NCPA - National Center for Policy Analysis

Employment References Open the Door to Law Suits

February 13, 1997

For fear of being sued for defamation, most companies are being forced to provide only the scantiest of information on letters of reference for employees. That is creating problems for would-be employers, who are receiving no more information than an applicant's previous job title and dates of employment.

And last month a court ruled a company could be sued for saying even nice things about a former employee. Three California school districts had provided a positive reference for a former administrator -- without mentioning he had been accused of sexual harassment. After molesting a 13-year-old female student at the new school, the California Supreme Court said the girl could sue the former employees who had furnished the faulty reference.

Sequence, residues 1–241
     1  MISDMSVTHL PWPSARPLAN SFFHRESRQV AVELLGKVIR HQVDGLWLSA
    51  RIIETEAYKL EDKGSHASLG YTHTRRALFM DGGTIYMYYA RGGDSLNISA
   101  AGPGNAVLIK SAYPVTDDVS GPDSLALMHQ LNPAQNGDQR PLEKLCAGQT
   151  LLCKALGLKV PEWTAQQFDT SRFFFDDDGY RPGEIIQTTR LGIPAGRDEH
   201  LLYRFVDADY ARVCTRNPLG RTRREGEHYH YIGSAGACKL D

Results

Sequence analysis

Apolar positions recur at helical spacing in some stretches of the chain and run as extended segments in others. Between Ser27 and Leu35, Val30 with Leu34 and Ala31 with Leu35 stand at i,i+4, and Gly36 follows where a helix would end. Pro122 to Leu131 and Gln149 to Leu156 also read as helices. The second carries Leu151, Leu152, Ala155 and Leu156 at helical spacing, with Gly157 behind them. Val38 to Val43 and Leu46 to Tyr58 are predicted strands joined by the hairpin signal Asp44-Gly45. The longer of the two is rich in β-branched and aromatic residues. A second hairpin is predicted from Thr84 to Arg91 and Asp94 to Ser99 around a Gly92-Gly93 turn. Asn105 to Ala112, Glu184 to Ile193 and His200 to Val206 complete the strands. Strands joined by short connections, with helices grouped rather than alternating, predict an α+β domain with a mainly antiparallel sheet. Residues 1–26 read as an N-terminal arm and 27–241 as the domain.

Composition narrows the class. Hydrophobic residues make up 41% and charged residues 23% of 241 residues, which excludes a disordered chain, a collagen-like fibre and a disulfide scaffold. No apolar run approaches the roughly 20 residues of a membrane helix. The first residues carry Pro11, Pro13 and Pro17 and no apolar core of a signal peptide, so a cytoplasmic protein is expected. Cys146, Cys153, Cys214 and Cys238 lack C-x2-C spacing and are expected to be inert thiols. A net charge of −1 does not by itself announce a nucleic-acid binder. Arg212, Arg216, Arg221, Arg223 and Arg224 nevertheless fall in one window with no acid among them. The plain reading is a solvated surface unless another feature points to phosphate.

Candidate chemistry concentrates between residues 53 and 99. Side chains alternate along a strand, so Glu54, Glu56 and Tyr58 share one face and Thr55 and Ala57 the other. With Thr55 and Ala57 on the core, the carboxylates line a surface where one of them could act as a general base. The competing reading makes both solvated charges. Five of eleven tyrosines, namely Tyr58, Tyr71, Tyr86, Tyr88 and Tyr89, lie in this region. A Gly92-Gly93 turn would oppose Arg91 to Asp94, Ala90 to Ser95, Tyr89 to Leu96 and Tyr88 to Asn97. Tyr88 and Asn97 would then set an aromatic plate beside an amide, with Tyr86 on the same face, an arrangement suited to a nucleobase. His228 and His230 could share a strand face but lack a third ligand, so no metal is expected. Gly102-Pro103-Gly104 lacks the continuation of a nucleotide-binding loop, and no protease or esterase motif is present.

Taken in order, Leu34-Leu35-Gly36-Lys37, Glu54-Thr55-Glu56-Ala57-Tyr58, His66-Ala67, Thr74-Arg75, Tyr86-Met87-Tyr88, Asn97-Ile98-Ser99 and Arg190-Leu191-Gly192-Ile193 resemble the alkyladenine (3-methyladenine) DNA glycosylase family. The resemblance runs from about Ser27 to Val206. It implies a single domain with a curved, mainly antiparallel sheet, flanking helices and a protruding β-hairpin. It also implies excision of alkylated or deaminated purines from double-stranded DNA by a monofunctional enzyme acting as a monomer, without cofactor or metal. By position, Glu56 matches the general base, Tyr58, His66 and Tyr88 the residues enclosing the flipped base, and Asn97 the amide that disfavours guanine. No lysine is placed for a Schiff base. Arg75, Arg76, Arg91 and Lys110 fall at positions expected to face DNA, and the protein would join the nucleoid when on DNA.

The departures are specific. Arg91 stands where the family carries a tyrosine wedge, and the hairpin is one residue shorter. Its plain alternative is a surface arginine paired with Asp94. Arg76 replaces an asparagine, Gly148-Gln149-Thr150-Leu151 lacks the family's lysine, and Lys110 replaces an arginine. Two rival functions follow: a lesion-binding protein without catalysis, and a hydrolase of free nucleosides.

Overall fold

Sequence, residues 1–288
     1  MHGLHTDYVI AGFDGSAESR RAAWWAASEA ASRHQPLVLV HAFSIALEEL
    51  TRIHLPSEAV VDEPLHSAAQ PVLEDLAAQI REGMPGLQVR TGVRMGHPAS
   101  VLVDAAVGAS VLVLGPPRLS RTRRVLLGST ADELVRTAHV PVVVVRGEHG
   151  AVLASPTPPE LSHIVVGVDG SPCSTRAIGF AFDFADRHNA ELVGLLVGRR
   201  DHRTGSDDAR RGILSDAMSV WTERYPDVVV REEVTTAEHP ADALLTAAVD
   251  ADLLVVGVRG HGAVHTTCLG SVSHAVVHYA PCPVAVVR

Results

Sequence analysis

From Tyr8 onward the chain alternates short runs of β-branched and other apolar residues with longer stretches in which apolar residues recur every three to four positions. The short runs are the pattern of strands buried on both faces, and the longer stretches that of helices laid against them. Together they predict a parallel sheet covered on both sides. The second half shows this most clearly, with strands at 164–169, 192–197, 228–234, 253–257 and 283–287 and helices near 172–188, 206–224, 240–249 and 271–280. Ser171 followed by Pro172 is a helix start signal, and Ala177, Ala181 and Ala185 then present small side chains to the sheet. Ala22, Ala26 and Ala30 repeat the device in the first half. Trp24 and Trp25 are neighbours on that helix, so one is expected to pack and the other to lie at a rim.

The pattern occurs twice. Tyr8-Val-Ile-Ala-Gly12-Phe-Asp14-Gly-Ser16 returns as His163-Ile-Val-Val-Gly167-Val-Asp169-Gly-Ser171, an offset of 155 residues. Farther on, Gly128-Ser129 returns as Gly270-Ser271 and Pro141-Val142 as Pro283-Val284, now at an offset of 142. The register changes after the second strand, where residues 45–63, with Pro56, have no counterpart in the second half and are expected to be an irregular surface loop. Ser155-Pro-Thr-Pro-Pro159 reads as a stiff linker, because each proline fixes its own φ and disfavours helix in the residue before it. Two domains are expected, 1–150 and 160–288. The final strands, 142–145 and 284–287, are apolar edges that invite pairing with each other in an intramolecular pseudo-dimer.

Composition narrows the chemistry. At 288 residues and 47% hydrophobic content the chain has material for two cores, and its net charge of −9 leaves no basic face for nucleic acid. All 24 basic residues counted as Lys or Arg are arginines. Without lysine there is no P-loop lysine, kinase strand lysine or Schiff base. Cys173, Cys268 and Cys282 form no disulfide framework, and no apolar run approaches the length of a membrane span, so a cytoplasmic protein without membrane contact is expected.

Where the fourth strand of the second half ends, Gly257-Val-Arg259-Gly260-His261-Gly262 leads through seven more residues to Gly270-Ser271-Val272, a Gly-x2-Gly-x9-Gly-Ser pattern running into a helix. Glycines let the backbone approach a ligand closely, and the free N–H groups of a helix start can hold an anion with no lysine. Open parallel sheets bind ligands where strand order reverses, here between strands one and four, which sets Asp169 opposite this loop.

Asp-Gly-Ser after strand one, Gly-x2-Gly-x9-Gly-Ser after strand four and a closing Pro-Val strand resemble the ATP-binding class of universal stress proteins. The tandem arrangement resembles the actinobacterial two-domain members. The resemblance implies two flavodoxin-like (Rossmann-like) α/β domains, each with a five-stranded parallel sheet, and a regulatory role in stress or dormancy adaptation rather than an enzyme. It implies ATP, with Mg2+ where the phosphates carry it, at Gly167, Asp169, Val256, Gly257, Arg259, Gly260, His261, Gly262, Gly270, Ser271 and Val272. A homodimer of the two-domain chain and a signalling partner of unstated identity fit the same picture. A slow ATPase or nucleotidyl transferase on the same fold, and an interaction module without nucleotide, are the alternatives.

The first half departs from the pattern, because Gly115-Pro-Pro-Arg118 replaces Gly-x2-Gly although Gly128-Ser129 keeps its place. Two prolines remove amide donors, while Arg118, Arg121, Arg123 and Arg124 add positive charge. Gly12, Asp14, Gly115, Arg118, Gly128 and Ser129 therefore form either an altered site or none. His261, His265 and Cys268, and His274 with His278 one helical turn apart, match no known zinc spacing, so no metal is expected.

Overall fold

In 1995, the Society for Human Resources Management surveyed personnel managers across the country to see if they were giving -- and getting -- adequate information in letters of reference.

  • Nearly two-thirds of the 1,331 respondents said their companies had refused to provide reference information out of fear of lawsuits.
  • More than half said they were not getting enough information from prior employers about applicants' "violent behavior."

Experts say employers can, in theory, protect themselves from defamation suits by requiring a signed release from the former employee before giving the reference. And 26 states have passed laws protecting the employer if he acted in good faith.

The U. S. Supreme Court is now considering whether to let former employees sue for bad references under federal civil rights law.

Source: David A. Price (Investor's Business Daily), "Good References Pave Way to Court," USA Today, February 13, 1997.


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